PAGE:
* The birth date of Elizabeth MCCULLAGH was calculated by her age at death of 92 years. She lived for another 63 years after the death of her husband. At the time of his death, her youngest child was three years old and the next oldest was six years old.
THEIR FOUR CHILDREN:
JACKSON, married Rev. Daniel Gunn BROWNE.
It has to have been a struggle. She never remarried even though she herself was only 29 years old when widowed and her youngest child, David, was three years old at the time of his father’s death. [NOTE: He himself went on to father ten children, one of whom would be our great-grandfather, one of whom would be the great-grandfather of our Moorhead “cousins”, and one of whom would be Sir Thomas Jackson, of which so much is already known.]
Although we don’t know the date when the JACKSON family first owned land at Urcher, we do know that in 1828 (SEE: Tithe Composition Book records) that Elizabeth owned 30 acres in Urcher and 50 acres in Lisgolat. Not she was able to hang on to all that she had, some details of which we have thanks to Mary Cumisky:
This would not be the last murder of a land agent who was murdered and whose life and death was intertwined with the fortunes of the Jackson farm. On May 23, 1850 a Robert Lindsay Mauleverer, a land agent for the Hamilton, Tipping and Jones estate in the Crossmaglen area was murdered as he was being driven to the Cullaville Train Station. His driver, McNally, testified that the horses - startled by gunshot – had galloped some thirty perches down the road before he could turn his jaunting car around. Mauleverer was already dead, in the ditch. Although initially three men were indicted for the murder, only one was charged and he was eventually acquitted.
THE MURDER OF ROBERT MAULEVERER
One of the complications in the consequent trial was that the post mortem did not support the story of gunshots. The skull under some of the wounds was a mass of fractures, so much so that when the skin was removed, the bones fell asunder. Even more intriguing (and perhaps makes sense of the acquittal) is that most of the locals did not seem not particularly displeased with Mauleverer's demise. Here was a man who had ordered up to 300 evictions when the aftermath of the famine and the consequent disease was wreaking the worst of its damage. My eyebrows shot up when I learned that he had also ordered the bailiff to seize “seven cows, four heifers and a bull belonging to Mrs. Jackson” and that these cows were subsequently “rescued by a number of persons who drove them[back] to Urker House.” I later heard a family story that the neighbours had then hid the cattle on their fields until the whole thing had blown over.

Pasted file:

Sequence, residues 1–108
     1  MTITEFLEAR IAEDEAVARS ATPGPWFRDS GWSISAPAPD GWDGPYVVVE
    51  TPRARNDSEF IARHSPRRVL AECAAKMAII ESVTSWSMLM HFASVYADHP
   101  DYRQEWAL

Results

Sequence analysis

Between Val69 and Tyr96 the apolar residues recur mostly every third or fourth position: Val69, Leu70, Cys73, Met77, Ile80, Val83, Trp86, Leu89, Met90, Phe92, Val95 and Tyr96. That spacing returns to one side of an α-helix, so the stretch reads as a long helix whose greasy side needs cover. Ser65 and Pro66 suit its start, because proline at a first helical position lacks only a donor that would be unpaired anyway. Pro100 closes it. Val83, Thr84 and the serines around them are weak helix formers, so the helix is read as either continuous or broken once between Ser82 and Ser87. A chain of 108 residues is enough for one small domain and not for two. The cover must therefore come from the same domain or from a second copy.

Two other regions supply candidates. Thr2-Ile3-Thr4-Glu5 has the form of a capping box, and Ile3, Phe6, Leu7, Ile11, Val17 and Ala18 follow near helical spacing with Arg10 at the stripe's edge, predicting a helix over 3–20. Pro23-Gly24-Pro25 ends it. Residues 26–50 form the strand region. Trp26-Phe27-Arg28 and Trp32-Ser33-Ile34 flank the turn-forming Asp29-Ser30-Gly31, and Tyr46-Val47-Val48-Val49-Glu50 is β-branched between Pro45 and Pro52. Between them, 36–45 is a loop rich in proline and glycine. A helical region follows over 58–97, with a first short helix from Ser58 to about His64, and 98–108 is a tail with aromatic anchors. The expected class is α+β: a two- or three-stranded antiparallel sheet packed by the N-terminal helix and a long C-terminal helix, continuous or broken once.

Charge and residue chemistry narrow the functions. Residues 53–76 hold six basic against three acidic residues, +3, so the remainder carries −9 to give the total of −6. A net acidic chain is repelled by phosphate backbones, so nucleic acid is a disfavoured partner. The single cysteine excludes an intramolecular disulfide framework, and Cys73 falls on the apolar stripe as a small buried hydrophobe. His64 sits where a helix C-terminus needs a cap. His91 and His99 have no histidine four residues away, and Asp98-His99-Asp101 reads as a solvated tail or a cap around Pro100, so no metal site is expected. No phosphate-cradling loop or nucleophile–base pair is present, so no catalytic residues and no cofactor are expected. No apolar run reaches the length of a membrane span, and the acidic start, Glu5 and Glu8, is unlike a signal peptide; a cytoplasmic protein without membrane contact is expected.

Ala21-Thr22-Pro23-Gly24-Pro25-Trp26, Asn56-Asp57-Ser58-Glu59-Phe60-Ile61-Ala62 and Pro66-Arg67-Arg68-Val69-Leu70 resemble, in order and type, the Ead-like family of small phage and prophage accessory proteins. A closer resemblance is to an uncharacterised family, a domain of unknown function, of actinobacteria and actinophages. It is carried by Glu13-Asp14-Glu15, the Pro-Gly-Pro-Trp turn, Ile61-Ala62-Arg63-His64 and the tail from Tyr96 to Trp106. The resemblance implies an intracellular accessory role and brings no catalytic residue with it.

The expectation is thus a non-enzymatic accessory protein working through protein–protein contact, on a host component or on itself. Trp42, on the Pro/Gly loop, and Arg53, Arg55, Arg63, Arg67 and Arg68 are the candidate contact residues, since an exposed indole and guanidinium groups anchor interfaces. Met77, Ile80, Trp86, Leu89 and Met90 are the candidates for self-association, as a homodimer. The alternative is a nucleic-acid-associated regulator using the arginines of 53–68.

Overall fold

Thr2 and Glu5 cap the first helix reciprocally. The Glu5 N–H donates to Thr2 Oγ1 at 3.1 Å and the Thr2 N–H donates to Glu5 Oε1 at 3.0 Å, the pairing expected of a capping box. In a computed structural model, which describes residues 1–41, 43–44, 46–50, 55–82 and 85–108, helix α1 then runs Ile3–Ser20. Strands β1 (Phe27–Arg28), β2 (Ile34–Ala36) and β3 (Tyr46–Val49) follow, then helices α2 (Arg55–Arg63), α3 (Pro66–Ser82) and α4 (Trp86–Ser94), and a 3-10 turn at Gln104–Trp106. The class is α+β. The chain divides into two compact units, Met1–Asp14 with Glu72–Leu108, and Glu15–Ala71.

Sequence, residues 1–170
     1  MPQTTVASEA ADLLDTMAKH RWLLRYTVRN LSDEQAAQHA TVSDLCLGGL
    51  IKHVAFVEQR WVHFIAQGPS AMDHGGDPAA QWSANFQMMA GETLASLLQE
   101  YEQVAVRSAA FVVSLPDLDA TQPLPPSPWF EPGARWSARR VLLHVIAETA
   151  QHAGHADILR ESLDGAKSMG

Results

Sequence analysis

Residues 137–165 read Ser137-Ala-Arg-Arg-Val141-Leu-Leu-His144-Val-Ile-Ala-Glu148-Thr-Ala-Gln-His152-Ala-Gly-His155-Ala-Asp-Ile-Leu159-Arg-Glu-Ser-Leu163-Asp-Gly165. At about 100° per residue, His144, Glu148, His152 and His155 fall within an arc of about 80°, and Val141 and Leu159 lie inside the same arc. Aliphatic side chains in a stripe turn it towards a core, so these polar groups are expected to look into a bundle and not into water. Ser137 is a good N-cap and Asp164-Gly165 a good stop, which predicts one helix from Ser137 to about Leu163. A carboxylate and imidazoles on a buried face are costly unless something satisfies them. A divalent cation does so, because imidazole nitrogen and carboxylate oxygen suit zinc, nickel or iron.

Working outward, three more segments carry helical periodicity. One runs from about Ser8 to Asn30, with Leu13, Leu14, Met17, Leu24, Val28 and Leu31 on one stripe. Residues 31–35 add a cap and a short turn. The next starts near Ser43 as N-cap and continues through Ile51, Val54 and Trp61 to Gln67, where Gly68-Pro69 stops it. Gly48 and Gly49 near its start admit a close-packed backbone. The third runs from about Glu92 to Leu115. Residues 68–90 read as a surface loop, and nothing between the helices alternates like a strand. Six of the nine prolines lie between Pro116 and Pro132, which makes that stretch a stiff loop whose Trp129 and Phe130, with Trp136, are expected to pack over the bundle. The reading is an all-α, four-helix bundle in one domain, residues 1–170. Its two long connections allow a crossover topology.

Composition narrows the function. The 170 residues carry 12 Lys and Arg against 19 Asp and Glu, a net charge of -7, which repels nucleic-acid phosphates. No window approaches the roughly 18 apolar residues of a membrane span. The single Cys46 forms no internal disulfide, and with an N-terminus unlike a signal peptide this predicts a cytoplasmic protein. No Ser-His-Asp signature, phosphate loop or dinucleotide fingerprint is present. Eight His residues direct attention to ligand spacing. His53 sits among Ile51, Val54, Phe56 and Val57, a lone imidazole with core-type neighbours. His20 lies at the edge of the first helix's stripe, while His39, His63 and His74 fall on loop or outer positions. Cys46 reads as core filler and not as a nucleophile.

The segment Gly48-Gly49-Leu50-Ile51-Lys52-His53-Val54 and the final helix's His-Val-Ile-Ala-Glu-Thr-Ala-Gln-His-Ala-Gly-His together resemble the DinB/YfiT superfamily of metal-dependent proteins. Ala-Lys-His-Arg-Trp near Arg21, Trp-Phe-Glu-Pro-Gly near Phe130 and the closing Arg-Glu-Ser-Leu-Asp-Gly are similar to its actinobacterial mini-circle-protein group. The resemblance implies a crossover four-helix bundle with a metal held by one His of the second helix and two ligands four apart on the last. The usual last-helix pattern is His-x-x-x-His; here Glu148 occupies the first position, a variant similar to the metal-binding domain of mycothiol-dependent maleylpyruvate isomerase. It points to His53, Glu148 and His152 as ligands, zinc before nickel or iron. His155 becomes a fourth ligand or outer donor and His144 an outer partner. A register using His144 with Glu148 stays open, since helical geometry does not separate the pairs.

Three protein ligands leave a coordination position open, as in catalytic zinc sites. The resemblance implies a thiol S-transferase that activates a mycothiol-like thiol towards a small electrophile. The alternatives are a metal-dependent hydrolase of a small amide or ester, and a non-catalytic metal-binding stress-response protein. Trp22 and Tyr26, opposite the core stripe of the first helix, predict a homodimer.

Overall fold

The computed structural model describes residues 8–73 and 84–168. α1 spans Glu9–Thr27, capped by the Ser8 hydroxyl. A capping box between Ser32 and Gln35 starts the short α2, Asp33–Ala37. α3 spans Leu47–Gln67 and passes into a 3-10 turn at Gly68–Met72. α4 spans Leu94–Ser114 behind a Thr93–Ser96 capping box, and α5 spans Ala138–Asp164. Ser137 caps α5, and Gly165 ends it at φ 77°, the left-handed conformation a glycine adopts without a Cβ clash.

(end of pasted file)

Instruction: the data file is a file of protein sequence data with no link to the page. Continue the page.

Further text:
A week or so before Mauleverer’s murder in an event that may have
been related, six persons were summoned to the Crossmaglen Petty Sessions
in connection with the unlawful “rescue” of
the Jackson livestock. Their names were Francis Lennon, Pat Kiernan,
John McCabe, William Marks, Catherine McCabe and Lawrence McCabe. Francis
Lennon lived on a neighbouring farm at Urcher and John McCabe lived nearby
at Rathkeelan [SEE DEVLIN web pages] and the
records show that at the time Sir Thomas’ grandmother was still
clinging to a lease that included some 59 acres in Urker.
PREVIOUS LAND ISSUES AND ELIZABETH JACKSON
The time of either of the land agent's deaths was not the first time the Jackson’s had experienced challenges in meeting their rent payments. Insecurity was probably the family’s middle name. A few years ago at Gilford Castle in County Down, Christine Wright shared with me a letter written in July 1826, to Sir Thomas’s grandmother, Elizabeth Jackson. Her rent was ₤21.2.6 in arrears and she was being advised to “consult with your friends on this & let me know as soon as possible that I may let the Landlord know” He went on to say, “but let me have what Rent you can for him as soon as you can as I am gathering up for a supply for him now without delay”. It is a telling letter. Clearly, it is expected that friends of hers would both want to help and be able to help. Although the situation does not seem as dire as it would become post-famine, it also clear that the Jacksons were barely keeping their heads above water.
Obviously, there is much more to her story than this, but at this point these are all the sources that I have found. By the time Elizabeth Jackson was in her early sixties, her son David - who was in his mid-30s seems to have returned from Carrigallen, Co. Leitrim where he had been living before his marriage and after the births of his first two children. It seems likely that he would have taken over the managing of the farm along with his wife, Eliza. Hopefully Elizabeth found some measure of contentment in seeing the family fortunes rise later in her life, thanks to the successes of her grandson, Sir Thomas Jackson.
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